Philip Larkin is generally acknowledged to be a poet of The Movement, which grew up out of and was a reaction against the Modernist movement. Each has distinguishing characteristics that are opposed to each other and Larkin's work fits firmly in the characteristics that define The Movement. These characteristics pertain to form, self, individualism, and realism.
Modernism rejected conventional poetic form and presented itself as a fragmentation of form, which was visible in experimentation with genre and the fragmentation of time, which presented events in a non-chronological, non-linear, non-unified order. Self, the ontological representation of the speaker and/or writer, is alienated--from self and society--and similarly fragmented. Characterization or defining qualities are obscure and possibly shallow, making knowledge of the presented self elusive.
In Modernist poetry, individualism is a paramount concern. In this sense, individualism refers to representing the speaker's and/or writer's personal, individual experience regardless of whether it may or may not represent a universal commonality amongst people. A correlated characteristic is the representation of a Modernist world view that is anti-realism, meaning Modernist poems are not meant nor desired to be held up to reality as a true representation or a reliable mirror of life or the world.
On the other hand, the poets of The Movement embraced a return to form as a reaction against the fragmentation of form begun by the Modernists. Regarding self, The Movement offered straightforward representations of the self of the poetic speaker or writer, and, in that sense, presented a positive ontological view of self as opposed to the Modernist alienated ontological view. In correlation with self, the individualism of Modernism gave way to The Movement's representation of the individual in relation to society, reacting to, and often reacting against, society.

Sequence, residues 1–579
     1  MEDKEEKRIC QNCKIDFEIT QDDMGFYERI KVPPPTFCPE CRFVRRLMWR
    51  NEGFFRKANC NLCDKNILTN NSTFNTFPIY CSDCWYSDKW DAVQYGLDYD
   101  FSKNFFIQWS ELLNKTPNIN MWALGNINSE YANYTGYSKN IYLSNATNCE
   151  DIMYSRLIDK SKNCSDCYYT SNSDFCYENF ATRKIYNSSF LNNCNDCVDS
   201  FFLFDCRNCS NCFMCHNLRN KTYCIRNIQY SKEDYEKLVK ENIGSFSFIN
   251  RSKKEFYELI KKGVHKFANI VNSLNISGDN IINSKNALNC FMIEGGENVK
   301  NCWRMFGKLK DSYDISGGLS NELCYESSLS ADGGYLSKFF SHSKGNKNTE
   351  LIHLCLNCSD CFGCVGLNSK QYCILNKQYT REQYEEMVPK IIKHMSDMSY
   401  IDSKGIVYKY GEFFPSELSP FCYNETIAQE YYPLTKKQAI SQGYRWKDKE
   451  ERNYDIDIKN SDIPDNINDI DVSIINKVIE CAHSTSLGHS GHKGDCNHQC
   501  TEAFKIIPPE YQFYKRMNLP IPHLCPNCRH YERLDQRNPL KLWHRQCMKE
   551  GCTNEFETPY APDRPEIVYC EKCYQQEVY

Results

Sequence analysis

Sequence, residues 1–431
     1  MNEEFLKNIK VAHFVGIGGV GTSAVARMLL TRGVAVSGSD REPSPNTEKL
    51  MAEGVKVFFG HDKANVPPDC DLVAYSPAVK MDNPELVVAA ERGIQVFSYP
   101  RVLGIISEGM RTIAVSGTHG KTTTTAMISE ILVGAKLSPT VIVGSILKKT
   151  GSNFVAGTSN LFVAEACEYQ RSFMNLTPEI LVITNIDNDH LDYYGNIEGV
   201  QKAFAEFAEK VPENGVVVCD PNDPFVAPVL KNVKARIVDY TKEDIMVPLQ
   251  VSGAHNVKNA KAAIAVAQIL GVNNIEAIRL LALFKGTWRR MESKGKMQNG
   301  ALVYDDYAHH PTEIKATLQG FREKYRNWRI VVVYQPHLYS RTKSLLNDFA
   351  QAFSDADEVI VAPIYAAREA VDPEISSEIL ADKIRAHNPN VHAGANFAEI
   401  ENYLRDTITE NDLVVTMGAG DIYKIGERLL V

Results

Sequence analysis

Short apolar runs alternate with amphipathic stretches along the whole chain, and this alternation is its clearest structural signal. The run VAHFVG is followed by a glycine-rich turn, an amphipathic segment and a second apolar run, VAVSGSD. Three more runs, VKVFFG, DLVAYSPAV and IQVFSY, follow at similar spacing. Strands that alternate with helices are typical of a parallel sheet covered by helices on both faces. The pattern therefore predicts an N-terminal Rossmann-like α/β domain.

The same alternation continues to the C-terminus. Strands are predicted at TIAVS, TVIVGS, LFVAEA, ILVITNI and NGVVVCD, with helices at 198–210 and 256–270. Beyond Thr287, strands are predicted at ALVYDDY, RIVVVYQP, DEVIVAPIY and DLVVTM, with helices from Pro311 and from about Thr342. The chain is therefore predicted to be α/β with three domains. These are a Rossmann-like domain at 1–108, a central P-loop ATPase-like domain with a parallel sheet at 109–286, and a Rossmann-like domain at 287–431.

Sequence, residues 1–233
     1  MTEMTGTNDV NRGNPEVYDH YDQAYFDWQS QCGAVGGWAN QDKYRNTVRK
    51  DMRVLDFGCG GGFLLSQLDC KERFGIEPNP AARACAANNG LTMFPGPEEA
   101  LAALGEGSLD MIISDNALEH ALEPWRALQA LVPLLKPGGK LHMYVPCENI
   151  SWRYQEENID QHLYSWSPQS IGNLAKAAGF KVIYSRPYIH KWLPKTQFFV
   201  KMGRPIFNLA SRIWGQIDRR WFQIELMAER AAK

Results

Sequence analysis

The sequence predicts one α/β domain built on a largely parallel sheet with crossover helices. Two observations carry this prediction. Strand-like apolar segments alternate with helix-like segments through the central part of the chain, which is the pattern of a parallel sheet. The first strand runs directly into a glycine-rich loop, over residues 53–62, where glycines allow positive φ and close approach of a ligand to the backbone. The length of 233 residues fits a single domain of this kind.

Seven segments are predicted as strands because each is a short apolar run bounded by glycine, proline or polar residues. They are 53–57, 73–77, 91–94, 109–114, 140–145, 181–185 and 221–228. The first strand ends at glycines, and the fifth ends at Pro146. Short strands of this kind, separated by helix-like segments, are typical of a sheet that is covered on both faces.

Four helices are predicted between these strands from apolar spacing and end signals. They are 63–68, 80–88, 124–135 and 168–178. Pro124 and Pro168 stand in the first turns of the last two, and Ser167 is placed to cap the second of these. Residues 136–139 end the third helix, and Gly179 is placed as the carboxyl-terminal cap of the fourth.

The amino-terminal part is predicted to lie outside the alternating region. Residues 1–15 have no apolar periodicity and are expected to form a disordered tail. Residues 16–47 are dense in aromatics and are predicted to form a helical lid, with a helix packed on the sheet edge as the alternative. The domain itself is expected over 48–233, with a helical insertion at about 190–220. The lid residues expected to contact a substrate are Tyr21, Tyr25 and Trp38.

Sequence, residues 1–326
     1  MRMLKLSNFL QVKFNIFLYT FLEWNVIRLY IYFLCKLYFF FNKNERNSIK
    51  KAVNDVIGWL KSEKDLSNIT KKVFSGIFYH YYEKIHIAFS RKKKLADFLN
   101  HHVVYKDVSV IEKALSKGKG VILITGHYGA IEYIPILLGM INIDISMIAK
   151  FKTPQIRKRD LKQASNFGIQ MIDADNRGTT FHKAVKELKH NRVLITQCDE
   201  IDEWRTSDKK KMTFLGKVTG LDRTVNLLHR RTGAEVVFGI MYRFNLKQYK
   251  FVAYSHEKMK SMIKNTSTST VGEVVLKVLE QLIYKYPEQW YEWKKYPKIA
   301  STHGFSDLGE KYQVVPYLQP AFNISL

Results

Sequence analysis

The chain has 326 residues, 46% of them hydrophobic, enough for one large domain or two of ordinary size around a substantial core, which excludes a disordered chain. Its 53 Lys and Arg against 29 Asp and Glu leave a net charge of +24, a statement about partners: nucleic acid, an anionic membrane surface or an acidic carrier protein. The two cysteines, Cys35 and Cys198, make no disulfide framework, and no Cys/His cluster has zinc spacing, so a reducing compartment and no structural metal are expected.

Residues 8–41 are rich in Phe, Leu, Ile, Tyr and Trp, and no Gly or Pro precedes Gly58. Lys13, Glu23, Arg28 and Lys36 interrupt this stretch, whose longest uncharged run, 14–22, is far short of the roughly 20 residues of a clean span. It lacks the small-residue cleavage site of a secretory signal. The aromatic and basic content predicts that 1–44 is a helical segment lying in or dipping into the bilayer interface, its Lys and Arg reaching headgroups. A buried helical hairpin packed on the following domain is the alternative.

While Modernists embraced experimentation of form, The Movement embraced the forms and conventions of previously established poetic genres, embracing structure in reaction against the Modernist's abandonment of structure. In addition, while Modernists adhered to anti-realism, The Movement reflected the reality of the mundane commonplace that was more realistic than the realism begun in the Romantic period. Whereas Wordsworth, the founder of English poetic Romanticism, laced his realism with metaphor and what might be called low poetic diction, The Movement eschewed literary devices, striving for plain, direct language devoid of simile, metaphor, symbolism or other literary techniques.
Larkin's poetry displays all these characteristics, from the structure of his composition to the straightforward ontological representation of self devoid of alienation to the individual experience in society (not eccentrically isolated) to the form and conventions of poetry that couched the descriptions of the unembellished commonplaces of life. Philip Larkin is in fact a true representative of The Movement because his poems both adhere to and help define the definitive characteristics of The Movement.
[For further information, see the links to TextEtc.com and EdSitement, National Endowment for the Arts from which this answer is drawn.]